Mistransmission Problems

Quality competition was also fierce, with the line that erected the best infrastructure and supplied the fastest service usually dominating other, less capable firms. Messages could easily be garbled, and given the predominately business-related use of the telegraph, a garbled message was often worse than no message at all. A message sent from Boston to St. Louis could have traveled over the lines of five firms. Due to the complexity of the production process, messages were also often lost, with no firm taking responsibility for the mistransmission. This lack of responsibility gave firms an incentive to provide a lower quality service compared to an integrated network. These issues ultimately contributed to the consolidation of the industry.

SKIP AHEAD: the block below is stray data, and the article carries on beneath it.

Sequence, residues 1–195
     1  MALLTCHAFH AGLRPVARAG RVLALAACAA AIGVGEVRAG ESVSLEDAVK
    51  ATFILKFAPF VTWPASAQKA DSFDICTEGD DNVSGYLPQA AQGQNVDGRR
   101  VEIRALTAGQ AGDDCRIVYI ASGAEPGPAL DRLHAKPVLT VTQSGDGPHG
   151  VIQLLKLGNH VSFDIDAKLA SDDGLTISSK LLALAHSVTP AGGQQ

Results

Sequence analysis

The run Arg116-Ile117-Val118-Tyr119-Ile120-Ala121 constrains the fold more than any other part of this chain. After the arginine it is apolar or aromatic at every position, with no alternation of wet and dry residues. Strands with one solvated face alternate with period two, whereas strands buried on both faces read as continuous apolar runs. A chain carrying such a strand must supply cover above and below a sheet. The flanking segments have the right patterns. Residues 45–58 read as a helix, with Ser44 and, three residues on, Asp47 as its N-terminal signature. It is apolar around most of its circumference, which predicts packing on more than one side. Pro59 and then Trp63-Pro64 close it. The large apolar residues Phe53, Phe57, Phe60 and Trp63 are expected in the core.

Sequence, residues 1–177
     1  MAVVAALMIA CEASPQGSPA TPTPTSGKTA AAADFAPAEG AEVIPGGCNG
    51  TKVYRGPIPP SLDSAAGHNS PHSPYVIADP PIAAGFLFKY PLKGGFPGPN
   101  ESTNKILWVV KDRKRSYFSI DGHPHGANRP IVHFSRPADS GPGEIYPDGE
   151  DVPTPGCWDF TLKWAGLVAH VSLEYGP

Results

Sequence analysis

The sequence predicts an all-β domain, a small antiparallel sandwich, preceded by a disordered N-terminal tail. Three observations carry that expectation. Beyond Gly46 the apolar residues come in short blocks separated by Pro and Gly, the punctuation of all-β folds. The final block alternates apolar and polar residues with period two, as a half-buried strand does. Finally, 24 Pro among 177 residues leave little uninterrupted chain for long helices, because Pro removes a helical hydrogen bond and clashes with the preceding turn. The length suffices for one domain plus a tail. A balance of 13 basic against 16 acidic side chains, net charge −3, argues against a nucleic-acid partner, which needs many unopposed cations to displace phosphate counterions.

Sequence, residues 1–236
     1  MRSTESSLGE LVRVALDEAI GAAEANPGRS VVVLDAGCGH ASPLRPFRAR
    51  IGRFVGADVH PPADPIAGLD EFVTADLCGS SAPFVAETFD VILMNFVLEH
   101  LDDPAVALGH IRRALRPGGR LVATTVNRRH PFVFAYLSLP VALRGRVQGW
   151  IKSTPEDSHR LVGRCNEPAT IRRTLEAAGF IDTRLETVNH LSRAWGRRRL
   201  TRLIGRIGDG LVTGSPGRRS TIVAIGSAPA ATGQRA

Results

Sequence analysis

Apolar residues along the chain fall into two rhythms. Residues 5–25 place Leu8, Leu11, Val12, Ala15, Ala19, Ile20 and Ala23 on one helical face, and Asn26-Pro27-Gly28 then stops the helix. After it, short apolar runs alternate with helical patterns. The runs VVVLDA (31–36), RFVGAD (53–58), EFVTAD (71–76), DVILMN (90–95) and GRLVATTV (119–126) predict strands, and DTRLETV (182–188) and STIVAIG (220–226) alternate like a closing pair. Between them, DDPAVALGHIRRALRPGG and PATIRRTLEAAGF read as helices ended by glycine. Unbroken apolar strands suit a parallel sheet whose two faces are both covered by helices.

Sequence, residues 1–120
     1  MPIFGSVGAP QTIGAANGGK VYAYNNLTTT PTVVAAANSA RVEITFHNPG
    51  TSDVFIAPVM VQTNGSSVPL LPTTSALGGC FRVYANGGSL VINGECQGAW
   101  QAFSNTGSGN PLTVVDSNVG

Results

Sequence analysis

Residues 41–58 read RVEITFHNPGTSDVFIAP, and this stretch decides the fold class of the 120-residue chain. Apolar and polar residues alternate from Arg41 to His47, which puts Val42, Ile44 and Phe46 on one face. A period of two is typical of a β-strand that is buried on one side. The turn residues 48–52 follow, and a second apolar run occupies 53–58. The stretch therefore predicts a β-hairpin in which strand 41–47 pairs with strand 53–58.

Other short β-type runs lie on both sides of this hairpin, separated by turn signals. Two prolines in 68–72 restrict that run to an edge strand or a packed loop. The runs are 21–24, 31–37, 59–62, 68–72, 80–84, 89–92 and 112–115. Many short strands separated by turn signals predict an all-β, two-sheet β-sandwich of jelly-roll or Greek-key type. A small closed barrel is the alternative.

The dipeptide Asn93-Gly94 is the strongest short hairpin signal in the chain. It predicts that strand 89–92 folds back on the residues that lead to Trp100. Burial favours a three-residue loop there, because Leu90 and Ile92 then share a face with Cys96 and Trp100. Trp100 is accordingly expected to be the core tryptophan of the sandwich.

Horizontal and System Integration

Horizontal integration-integration between two competing firms-and system integration-integration between two connecting firms-occurred in the telegraph industry during different periods. System integration occurred between 1846 and 1852, as main lines acquired most of the feeder lines in the country. In 1852 the Supreme Court declared the Bain telegraph an infringement on Morse’s patent, and Bain lines merged with Morse lines across the country. Between 1853 and 1857 regional monopolies formed and signed the “Treaty of Six Nations,” a pooling agreement between the six largest regional firms. During this phase the industry experienced both horizontal and system integration. By the end of the period, most remaining firms were regional monopolists, controlled several large cities and owned both the House and the Morse patents. Figure 1 shows the locations of these firms.

Figure 1: Treaty of Six Nations

Source: Thompson, p. 315